1. What’s your goal?

2. What’re you seeing?

3. What’s causing the problem?

Goal, context, cause

  • 06:10 - So back to the workout …. I asked my husband these questions about his new workout plan.

1. What’s your goal? He said to get stronger. Each week increase the weight he can lift by a certain number each week over 8 weeks.

2. What’re you seeing? What’s the context? What are the things you can measure that’s around this goal? He said measurable things around this goal are the amount of weight and number of reps he completes at each workout, and whether he needs to repeat the workout because he couldn’t complete the last one.

3. What’s causing the problem? What’re some measurable things that could throw the goal off? He said things that might make him not be able to finish a workout at a certain weight is his protein intake, or the type of workout he did the day before.

  • 07:05 - After gathering all these answers, I went from a shoulder shrug and “there’s not really any useful way to visualize progress for this” to a bunch of ideas of things that I could visualize and build into an interactive dashboard that he could use to track his workouts - amount of weight use, workouts completed or repeated, protein intake, off-day workouts…The idea being that by tracking all those things, he can keep close tabs on where he is along the path of achieving his goal, and start to see patterns around what’s affecting his progress.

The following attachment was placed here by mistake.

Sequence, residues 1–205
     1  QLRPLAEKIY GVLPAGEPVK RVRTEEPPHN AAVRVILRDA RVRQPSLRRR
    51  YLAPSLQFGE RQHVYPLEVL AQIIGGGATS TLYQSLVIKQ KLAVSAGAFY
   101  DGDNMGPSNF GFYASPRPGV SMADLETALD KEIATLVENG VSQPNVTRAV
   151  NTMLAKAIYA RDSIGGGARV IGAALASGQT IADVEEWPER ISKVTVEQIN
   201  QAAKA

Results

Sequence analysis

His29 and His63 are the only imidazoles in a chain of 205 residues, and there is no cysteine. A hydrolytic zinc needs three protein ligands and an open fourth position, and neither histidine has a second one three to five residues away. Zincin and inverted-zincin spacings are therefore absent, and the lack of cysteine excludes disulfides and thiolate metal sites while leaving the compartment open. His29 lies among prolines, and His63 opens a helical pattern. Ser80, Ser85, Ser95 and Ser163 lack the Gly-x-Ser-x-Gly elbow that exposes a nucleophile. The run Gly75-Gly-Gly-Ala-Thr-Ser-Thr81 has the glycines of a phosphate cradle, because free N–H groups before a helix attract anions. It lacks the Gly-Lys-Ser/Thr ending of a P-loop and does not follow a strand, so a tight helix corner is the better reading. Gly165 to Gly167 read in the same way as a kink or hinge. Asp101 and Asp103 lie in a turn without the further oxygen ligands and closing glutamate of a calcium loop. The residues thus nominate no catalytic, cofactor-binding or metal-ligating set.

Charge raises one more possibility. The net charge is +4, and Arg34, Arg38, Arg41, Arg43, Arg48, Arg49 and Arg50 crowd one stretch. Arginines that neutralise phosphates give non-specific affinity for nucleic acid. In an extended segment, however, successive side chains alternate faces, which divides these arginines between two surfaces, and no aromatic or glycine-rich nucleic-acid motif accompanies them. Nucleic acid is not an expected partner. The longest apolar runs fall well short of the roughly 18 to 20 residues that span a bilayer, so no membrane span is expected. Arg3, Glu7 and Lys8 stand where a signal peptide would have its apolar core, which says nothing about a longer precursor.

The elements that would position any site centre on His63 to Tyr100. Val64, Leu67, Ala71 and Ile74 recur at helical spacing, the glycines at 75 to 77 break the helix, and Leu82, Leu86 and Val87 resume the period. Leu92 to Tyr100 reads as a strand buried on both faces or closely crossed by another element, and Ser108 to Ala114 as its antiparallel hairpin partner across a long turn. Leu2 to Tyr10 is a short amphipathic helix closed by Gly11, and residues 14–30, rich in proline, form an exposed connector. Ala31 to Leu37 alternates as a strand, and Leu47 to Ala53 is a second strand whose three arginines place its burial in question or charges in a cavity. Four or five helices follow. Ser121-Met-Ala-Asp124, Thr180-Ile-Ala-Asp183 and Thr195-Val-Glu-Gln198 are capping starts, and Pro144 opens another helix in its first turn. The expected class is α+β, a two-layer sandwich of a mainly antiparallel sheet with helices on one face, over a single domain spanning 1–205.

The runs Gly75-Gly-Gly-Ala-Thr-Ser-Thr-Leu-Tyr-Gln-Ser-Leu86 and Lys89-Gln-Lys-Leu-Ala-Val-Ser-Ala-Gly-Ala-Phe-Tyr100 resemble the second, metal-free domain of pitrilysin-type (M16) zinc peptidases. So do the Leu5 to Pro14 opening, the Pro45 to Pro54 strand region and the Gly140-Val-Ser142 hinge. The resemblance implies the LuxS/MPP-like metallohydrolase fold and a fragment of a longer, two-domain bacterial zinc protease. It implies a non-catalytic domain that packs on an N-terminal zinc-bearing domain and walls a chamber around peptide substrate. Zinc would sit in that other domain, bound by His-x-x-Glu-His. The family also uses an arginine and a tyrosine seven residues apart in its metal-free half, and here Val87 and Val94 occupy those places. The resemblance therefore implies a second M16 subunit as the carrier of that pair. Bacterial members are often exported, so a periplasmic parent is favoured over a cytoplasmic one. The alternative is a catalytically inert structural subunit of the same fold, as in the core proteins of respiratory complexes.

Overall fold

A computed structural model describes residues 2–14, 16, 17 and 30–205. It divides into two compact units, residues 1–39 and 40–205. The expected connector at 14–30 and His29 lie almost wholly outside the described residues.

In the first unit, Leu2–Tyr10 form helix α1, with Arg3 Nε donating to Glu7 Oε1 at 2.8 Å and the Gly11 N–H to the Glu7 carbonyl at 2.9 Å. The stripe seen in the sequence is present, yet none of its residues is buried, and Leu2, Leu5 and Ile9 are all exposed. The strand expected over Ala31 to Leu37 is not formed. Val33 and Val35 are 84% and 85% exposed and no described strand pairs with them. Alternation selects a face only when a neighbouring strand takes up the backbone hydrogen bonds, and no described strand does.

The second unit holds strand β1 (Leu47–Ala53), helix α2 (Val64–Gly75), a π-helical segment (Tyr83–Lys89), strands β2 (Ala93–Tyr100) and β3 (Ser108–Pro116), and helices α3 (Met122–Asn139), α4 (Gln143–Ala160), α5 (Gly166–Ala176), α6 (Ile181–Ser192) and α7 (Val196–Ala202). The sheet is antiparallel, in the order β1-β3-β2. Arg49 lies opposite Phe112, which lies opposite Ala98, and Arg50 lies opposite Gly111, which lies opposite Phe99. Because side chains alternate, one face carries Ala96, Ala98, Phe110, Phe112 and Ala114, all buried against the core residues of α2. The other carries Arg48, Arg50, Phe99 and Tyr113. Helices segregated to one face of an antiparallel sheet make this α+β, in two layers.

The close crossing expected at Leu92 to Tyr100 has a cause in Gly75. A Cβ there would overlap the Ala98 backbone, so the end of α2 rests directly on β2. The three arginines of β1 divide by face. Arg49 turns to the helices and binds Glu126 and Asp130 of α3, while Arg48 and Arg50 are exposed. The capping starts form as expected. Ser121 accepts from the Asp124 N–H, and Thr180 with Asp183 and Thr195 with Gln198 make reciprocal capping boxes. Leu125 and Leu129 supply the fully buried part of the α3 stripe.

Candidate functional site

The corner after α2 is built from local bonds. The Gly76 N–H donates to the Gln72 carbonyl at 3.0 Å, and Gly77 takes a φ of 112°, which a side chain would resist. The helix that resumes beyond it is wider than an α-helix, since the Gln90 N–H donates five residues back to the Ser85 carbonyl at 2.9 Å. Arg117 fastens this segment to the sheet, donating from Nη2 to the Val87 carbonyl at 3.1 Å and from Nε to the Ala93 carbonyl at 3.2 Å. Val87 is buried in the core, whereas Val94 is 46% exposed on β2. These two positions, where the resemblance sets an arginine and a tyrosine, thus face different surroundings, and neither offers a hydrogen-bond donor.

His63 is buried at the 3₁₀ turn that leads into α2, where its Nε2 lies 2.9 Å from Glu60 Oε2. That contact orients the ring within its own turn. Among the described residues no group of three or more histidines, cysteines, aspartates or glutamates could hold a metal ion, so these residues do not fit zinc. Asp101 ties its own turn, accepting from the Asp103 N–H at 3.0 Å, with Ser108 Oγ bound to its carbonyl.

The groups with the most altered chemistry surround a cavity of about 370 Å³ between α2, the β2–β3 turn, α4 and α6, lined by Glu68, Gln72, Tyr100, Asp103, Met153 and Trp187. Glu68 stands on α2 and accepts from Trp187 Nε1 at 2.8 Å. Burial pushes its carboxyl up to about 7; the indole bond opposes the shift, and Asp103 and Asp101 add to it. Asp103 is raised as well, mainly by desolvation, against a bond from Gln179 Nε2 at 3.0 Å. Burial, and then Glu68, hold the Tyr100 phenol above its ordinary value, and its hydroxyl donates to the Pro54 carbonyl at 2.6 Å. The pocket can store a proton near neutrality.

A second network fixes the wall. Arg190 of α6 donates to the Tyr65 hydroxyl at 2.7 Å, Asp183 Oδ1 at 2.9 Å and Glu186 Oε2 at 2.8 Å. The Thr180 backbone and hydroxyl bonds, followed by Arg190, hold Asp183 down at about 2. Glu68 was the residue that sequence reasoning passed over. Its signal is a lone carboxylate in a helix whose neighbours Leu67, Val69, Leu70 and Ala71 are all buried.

• 07:40 - It was a really fun to try this in a no-stakes situation so I could kind of flesh out this idea… and I look forward to trying to work through these questions the next time I feel like I’m hitting a data viz wall with a client...

  • 07:50 - My final takeaway is that when you’re trying to build a data viz that will be useful to your client but you’re feeling stuck, try getting in the Help Desk mindset to uncover the metrics that are meaningful to the goal.

    1. What’s your goal? How can it be measured?

    2. What’re you seeing? What’s the context? What are the things you can measure that’s around this goal?

    3. What’s causing the problem? What’re some measurable things that could throw the goal off?

    4. Goal, context, cause

  • 08:21 - A bonus technique that’s helpful on a Help Desk AND when building data viz for clients is make it a priority to build trust. When you have a trusting relationship, those questions go a lot smoother. So make sure to really listen and leave your ego at the door.

  • 08:50 - If you’ve been enjoying the show, it would mean a lot to me if you could leave me a review in iTunes! :)


Allison Torbanmini, help desk